Released: 19th March
Seen: 6th July
The last time I got to see a film in a cinema was the 21st of March when I went to see Onward. Even back then I kind of knew that I wouldn’t be walking into a cinema for a while but no way could I have known it would be a little over 3 months. In that time we’ve watched as film after film has been pushed back to be released either in the latter half of this year or sometime in 2021, if not just sent straight to digital streaming where they probably should’ve gone in the first place (Hello Artemis Fowl) and I was left to wonder just what would be the first film I saw when the cinemas would reopen. Well, they finally opened my local up again and to the shock of no one, the pickings are slim so I decided to dive into a big theme of this year in cinema… “Hey, what’re the Avengers cast doing to follow up Endgame?”. Well, technically this film was made BEFORE Endgame but still, I figured seeing Dr Strange, Spiderman, Beast and Zod running around in period outfits and arguing about electricity would be a fairly good time and I almost got what I expected, so that’s nice.
The Current War follows the battle between Thomas Edison (Benedict Cumberbatch) and George Westinghouse (Michael Shannon) over whose system to deliver electricity is superior. Over the years they will have setbacks and heartbreak, loved ones will die and livelihoods will be put at risk. The tensions will rise as both of them throw jabs via the media and try to prove which is better, direct current or alternating current. In the background of this, a young inventor named Nikola Tesla (Nicholas Hoult) is trying to make his own way in a world where Edison and Westinghouse are the only names anyone cares about.
Filmed more like some kind of superhero film than a historical biopic, everything about this film is heightened as much as they can and I love how far they go. Every shot is as overly dramatic as possible, from Edison’s grand reveal inside a crop circle made of lightbulbs to a grand shot of a factory that looks like a dollhouse. If there was an over the top way to shoot something, this film did it and did it with gusto. You can almost see the cinematographer giddily bouncing about as he pulls off another glorious shot that just works so wonderfully. It really helps elevate the material to give this story an epic feel, turning it into a battle between two titans when it could’ve just been a slap fight between two insecure manchildren.
It does help that those two titans are played by Michael Shannon and Benedict Cumberbatch who have enough gravitas between them to sell this rivalry, making it compelling just by their presence which is fortunate because their performances, while good, feel remarkably familiar. Cumberbatch has definitely given this exact performance before a few times and it works but it’s not memorable or exciting, same with Shannon who both feel like there’s something extra missing from their performances. Then there’s Tom Holland who does feel a little out of place here, mostly because he looks like he’s 12 (something they call out during the film) until you put a moustache on his face and a cigar in his hand, then he somehow looks even younger. He still gives a fine performance, I dare say he has several of the best moments in the film, but he definitely feels out of place.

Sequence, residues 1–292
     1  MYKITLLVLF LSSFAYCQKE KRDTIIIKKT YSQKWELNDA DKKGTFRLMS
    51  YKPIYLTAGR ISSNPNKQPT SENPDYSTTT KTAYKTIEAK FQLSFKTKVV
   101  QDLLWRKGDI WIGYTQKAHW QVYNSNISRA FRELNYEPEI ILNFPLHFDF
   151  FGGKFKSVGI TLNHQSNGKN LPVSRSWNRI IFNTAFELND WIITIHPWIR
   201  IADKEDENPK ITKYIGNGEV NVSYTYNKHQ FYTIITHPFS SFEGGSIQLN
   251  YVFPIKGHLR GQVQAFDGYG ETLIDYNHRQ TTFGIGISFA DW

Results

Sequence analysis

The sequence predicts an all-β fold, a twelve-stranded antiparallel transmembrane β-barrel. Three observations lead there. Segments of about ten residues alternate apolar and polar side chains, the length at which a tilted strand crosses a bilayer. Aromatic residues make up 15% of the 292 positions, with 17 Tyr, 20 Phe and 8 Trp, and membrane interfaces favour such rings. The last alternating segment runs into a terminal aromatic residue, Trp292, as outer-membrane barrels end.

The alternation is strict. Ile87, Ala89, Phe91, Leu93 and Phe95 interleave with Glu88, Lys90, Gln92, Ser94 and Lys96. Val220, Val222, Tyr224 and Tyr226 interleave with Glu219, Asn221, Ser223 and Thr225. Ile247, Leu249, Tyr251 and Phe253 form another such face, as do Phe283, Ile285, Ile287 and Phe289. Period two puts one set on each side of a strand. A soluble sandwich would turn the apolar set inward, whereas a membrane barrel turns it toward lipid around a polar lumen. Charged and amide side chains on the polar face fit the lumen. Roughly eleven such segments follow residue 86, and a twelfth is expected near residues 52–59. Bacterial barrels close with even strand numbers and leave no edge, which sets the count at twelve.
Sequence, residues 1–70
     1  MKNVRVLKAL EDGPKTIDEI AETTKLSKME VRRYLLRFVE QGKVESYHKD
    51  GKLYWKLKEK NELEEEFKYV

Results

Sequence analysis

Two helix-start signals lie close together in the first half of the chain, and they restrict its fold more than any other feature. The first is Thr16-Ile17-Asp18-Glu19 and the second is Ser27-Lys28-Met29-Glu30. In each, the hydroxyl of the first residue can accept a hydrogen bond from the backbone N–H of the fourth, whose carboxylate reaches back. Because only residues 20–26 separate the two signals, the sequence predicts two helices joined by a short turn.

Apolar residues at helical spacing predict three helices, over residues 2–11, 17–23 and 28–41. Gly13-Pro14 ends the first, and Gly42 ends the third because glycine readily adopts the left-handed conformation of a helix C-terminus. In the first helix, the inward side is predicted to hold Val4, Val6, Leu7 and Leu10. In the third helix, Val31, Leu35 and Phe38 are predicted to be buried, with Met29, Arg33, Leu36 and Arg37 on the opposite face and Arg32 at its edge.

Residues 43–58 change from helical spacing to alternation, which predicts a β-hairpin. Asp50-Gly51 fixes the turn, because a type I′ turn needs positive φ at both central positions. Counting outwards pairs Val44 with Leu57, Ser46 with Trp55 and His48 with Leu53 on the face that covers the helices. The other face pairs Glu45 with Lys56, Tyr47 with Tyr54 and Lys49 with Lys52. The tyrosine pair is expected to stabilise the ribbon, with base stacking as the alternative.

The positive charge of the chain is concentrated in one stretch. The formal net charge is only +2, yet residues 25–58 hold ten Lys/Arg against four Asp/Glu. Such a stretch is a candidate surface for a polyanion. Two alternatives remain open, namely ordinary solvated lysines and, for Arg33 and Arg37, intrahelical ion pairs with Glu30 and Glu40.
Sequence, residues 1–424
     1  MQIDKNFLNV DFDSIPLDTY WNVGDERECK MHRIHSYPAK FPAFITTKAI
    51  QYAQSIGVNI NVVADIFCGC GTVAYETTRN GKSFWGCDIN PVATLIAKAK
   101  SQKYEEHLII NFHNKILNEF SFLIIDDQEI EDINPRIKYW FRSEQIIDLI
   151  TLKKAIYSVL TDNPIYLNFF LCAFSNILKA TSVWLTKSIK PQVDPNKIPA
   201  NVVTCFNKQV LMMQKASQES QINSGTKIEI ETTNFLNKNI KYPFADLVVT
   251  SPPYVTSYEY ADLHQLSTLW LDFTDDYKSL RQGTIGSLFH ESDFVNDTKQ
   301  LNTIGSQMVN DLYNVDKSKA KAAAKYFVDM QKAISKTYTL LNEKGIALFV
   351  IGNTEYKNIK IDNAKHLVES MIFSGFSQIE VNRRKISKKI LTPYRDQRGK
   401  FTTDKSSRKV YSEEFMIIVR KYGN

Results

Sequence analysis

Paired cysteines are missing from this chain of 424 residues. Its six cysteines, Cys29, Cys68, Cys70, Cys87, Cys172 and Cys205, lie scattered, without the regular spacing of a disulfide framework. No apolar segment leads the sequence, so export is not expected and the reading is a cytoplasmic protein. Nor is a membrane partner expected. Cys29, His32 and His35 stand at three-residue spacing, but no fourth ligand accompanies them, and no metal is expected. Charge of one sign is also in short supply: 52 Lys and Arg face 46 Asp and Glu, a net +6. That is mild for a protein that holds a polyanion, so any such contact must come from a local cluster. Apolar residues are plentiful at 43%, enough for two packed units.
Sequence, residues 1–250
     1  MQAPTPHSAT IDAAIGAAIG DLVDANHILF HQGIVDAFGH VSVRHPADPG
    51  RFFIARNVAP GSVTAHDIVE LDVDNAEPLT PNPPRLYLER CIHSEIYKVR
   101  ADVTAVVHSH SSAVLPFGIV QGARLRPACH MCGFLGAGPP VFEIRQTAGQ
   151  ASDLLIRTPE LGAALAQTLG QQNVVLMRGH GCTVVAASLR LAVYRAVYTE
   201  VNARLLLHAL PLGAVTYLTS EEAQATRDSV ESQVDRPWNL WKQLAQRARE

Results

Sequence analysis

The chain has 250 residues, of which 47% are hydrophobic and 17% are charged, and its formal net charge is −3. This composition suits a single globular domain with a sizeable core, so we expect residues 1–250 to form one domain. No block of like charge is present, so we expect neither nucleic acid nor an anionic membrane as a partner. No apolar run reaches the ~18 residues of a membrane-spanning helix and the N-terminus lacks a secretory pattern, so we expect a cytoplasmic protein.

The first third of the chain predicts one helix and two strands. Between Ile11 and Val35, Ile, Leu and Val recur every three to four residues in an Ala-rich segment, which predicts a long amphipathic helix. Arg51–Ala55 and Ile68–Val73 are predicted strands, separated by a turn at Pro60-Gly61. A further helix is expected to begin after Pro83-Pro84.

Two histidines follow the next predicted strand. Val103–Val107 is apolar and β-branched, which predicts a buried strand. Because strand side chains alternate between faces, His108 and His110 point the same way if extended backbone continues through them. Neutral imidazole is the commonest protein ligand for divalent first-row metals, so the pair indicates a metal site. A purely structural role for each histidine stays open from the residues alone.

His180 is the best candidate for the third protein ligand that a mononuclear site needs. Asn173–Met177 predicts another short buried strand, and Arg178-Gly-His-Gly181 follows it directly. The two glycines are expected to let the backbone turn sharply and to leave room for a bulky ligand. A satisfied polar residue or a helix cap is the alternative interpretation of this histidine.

Honestly, the one person in the entire cast who seems to fit perfectly with the elaborate tone of the visuals and the historical period is Nicholas Hoult as Nikola Tesla. He’s mostly relegated to the background, which is fine since he’s a peripheral part of the narrative, but his performance is so captivating that he genuinely lights up the screen every time he’s on it. Just seeing this character constantly try to get someone to listen to his ideas and be rebuffed every time is powerful and it’s sold perfectly by Hoult, who really is one of those actors that should go on a list marked ‘doesn’t know how to deliver a bad performance’.
Where this film falters, indeed the biggest problem that keeps it just barely above ‘good’ is that you can tell it’s been butchered at some point in the edit. The major arc of the film for Edison’s character is genuinely fascinating, Edison repeatedly says that he doesn’t want to invent something that could cause harm to someone and his big worry about AC current is that it can kill. Indeed, Edison refuses several well paying military contracts throughout the film because he doesn’t want to hurt someone… and then the government approaches him with an offer to help them build an electric chair which would use the AC current he so despises. While this plotline is still there, it never properly lands its real emotional impact because we just keep gliding past it. There are whole stretches where we just forget that it’s there, or the weight of it is ignored. This is felt most at the very end which I won’t spoil, but they have a real chance to do something emotionally devastating and instead, they just gloss over it.
The Current War is certainly more entertaining than a film about electrical currents should be, but much like real electricity, there are some serious misfires here. It’s still a fun watch, and certainly a visually appealing film that benefits from the scope of a cinema screen but I suspect it won’t be remembered that well. It’s fine, it’s a good watchable film that entertained me for a few hours and considering how this year has been, that feels like a goddamn miracle in itself.